Sudan military rulers call for new round of talks, protest movement says
Sudan's military rulers invited protest leaders for a new round of talks on transferring power to a civilian administration, the protest movement said on Saturday.
"We received a call from the military council to resume negotiations," the Alliance for Freedom and Change said in a statement.
The call came as thousands of demonstrators remain camped outside army headquarters in central Khartoum, vowing to force the generals to cede power just as they forced veteran president Omar al-Bashir from office a month ago, AFP reported.
Talks on the protesters' key demand for a civilian-led body to oversee a four-year transition have been deadlocked for days, with the military insisting on holding a majority in any new ruling body.
The invitation on Saturday came days after the protesters threatened to up the ante and launch a civil disobedience movement, Al Jazeera said.
Frustrated by a lack of progress, earlier this week a broad coalition of opposition groups headed by the Sudanese Professionals Association (SPA), called for a campaign of civil disobedience to increase pressure on the military.
"We have all options open from now on," Ahmed Rabie, an influential SPA member, told Reuters. If the council “insists on holding on to power, we are going to consider this a military coup, and we will escalate our tactics, peacefully".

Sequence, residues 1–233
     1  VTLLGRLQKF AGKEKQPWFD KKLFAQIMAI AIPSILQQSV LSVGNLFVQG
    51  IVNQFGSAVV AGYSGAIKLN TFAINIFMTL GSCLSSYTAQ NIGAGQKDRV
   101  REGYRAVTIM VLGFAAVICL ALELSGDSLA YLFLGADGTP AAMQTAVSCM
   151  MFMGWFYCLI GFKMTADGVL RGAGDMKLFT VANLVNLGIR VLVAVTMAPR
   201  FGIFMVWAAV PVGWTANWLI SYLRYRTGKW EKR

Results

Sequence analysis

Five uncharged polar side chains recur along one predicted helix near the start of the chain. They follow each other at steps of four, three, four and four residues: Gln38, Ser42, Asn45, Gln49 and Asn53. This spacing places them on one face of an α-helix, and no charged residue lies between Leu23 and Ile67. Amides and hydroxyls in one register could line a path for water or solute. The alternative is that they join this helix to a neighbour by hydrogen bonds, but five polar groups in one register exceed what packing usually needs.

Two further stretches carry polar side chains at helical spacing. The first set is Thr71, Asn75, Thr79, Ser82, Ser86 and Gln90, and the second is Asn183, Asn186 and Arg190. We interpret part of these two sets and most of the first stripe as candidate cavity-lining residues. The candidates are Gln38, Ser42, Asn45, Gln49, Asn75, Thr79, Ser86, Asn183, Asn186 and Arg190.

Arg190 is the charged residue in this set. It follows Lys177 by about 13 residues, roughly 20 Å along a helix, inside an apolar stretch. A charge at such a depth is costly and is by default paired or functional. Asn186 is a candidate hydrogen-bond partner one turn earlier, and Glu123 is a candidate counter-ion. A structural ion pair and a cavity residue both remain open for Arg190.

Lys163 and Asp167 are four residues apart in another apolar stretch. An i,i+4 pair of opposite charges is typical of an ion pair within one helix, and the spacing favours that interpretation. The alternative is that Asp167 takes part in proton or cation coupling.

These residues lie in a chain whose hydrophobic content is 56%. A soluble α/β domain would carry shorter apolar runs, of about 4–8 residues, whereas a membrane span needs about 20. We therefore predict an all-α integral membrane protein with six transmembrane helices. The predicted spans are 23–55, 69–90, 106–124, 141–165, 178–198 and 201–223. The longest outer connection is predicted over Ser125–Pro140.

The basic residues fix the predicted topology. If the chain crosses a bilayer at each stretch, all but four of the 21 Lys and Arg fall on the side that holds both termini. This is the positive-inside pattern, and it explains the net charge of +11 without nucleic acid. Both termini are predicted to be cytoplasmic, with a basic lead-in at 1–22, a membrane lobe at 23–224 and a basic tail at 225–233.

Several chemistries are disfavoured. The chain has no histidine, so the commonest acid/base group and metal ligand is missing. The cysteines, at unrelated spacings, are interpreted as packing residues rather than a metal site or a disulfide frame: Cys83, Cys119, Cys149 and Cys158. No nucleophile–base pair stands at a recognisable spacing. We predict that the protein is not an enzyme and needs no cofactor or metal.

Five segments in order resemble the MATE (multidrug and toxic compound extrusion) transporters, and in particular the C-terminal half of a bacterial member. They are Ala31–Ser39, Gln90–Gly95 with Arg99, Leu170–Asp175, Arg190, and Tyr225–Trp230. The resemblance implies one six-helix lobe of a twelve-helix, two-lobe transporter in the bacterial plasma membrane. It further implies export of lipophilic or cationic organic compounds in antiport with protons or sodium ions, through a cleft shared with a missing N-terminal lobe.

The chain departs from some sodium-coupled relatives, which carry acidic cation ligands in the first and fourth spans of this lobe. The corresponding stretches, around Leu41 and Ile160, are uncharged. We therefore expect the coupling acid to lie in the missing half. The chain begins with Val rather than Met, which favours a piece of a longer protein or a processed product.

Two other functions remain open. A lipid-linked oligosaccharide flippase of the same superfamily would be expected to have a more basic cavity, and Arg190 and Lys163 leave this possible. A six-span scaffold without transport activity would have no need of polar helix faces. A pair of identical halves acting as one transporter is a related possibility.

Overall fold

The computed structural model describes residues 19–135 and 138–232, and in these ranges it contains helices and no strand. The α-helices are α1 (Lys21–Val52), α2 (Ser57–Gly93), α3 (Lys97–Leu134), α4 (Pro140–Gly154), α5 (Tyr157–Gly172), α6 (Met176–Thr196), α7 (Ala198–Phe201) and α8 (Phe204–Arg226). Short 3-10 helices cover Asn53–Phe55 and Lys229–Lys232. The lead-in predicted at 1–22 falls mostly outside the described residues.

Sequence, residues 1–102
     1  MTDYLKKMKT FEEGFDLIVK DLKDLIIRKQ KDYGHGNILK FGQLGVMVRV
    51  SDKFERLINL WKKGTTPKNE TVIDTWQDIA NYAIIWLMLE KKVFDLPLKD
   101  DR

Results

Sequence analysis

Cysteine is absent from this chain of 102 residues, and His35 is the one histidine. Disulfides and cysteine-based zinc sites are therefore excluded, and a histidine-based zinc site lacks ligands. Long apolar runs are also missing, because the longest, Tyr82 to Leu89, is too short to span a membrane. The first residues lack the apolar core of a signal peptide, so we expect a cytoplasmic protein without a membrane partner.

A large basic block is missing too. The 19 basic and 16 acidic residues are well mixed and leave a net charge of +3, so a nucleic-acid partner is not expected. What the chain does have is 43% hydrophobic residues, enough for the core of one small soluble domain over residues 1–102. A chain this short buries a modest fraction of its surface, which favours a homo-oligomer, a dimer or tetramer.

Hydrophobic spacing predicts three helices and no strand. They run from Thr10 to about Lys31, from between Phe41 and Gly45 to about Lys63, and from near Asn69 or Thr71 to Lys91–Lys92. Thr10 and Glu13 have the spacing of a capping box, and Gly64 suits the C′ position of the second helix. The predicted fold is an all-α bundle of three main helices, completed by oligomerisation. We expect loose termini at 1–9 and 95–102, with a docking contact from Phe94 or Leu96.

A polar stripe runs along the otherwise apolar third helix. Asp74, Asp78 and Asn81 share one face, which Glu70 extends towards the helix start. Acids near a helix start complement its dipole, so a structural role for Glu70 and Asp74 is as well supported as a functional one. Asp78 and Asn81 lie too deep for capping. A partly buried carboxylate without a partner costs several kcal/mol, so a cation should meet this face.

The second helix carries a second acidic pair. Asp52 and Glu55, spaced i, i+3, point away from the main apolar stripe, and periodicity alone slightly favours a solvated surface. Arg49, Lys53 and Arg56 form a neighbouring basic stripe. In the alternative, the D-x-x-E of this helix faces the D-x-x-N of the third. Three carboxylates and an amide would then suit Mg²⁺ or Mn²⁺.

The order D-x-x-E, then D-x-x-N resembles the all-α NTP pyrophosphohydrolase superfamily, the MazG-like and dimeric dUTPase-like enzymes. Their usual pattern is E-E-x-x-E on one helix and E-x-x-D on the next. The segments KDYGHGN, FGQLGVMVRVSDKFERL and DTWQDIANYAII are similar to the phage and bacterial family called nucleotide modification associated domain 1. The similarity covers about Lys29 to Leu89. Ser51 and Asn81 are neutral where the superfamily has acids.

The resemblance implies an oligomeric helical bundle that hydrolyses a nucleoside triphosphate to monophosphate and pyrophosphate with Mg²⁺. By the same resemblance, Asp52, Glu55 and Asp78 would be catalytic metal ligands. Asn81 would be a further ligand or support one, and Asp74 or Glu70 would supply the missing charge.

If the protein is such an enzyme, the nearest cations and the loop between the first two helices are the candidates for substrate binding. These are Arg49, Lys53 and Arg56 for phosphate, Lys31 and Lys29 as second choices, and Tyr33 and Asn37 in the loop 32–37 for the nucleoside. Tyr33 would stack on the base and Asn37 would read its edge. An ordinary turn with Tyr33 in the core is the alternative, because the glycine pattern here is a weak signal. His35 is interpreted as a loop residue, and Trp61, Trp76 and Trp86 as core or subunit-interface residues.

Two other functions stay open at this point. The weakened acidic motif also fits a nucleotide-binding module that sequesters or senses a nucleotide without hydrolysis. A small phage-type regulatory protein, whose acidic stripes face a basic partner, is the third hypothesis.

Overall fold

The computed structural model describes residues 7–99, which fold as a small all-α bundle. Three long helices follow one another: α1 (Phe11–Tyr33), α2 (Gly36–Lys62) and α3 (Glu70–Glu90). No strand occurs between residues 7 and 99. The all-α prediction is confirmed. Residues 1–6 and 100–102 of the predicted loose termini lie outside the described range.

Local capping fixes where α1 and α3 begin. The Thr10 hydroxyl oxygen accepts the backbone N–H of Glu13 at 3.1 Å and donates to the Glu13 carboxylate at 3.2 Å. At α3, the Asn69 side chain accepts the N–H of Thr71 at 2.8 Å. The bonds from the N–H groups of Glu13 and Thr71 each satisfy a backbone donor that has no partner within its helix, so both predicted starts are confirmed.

SPA has said such a campaign would focus on mass strikes, which have had some success in previous uprisings in post-independence Sudan.
It may also call for a boycott of non-essential goods and public services in a bid to starve the government of tax revenue, and intensify rallies and sit-ins across Sudan.
Late last month, the alliance, which brings together protest organisers and opposition and rebel groups, handed the generals its proposals for a civilian-led transition.
But the generals have expressed "many reservations" over the alliance's roadmap,
They have singled out its silence on the constitutional position of Islamic sharia law, which was the guiding principle of all legislation under Bashir's rule but is anathema to secular groups, including the Sudanese Communist Party and some rebel factions in the alliance.
"We have identified the points of contention with the military council and ... decisive talks will revolve around (them) in each meeting," the alliance said in its statement.
"We want to hold the talks quickly and sort out all these points in 72 hours," it said without specifying when the negotiations would resume.